“The next day, they put me to work,” says Harrison, who specialized at first on funeral flower arrangements.

In running his own business after his parents retired, Harrison gives a lot of credit to three women: his aunt, Mary Peeler; Shirley Kepley; and, in more recent years, Judy Kennerly.

His late Aunt Mary was a bookkeeper, receptionist and master designer with a photographic memory, Harrison says. She worked at the shop well into her 80s.

Kepley was another master designer, and Kennerly also seemed to have a natural instinct for flower arranging. “It was just easy for me,” Kennerly says.

Harrison has seen all manner of change. Quality roses have gone, for example, from $7.50 to $70 a dozen. When Harrison’s parents started, Salisbury had 18 independent florists. Now the number is down to three, when you include Harrison’s.

Harrison says he can’t thank his customers enough for supporting him through the years. As with Lampert, many have been loyal, dealing with his shop for years.

“My daddy always told me, ‘You want repeat business,'” he says.

Harrison takes a lot of flower orders over the telephone, but he has a rule: You can’t leave an order by message.

“I want to talk to you personally,” he says, wanting to make sure he gets the order right. “I’ve had a lot of people tell me they like the personal contact.”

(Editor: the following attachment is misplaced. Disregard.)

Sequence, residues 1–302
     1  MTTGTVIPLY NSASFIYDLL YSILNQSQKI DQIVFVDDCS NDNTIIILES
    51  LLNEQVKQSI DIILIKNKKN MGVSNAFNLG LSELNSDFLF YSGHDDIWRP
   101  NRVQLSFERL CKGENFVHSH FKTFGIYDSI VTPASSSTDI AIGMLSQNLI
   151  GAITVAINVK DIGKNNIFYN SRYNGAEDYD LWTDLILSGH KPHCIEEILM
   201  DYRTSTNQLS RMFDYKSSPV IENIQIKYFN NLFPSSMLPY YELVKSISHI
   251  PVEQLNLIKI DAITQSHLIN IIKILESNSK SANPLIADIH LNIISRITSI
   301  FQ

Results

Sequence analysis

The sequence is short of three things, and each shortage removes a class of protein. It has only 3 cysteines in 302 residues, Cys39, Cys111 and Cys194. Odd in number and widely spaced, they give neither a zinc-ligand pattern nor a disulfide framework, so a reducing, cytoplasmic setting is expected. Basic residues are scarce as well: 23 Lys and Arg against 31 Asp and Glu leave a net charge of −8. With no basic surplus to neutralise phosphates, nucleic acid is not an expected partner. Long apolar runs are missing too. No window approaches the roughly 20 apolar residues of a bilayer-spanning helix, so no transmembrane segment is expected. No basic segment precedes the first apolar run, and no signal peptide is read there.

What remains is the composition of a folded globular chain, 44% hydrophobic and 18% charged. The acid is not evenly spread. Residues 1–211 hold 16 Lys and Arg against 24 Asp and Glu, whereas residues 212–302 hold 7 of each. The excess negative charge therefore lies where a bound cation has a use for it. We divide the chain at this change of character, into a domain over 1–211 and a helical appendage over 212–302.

Having always lived footsteps away from the shop, either on Holmes Avenue or on Highland Avenue, Harrison has taken many phone orders at his home at night. He says you would be surprised at the number of West Coast calls he has received after normal shop hours.

You should always be ready for rush orders, Harrison adds.

“The flower business is based on last-minute sales,” he says.

Harrison is an Air Force veteran. He served from 1970-74, including a tour in Vietnam. He frequents Richard’s Barbecue and has held a longtime passion for the “Andy Griffith Show” on television.

His old friend in the flower business, the late Margaret Jones, made sure Harrison received the designation as a five-star florist when she was president of the Rowan County Florists Association.

One of Harrison’s favorite stories demonstrates the impact a modest, backyard business can have on its customers.

At a restaurant table close to him one day, Harrison couldn’t help but notice the eatery’s staff clapping and singing happy birthday to an older woman celebrating with her family.

When he finished his meal, Harrison walked up to the woman’s table, handed her his card and told the woman she was welcome to a dozen free roses at Harrison’s Florist.

The lady stopped by the shop to redeem her card the next day. That’s when she told Harrison about something her late husband did for her on every birthday during their 60 years of marriage: He gave her a dozen roses.

Right before Harrison walked up to her table, she had been telling her family it would be the first time in 60 years her husband hadn’t given her birthday roses.

“She told me this was closure for her,” Harrison says. “She felt like an angel directed me to her table.”

Harrison remembers when Jones said her own little flower shop was like “a little bit of heaven” to her. Sitting behind his desk and holding onto Louie, Harrison knows the feeling.

Contact Mark Wineka at 704-797-4263.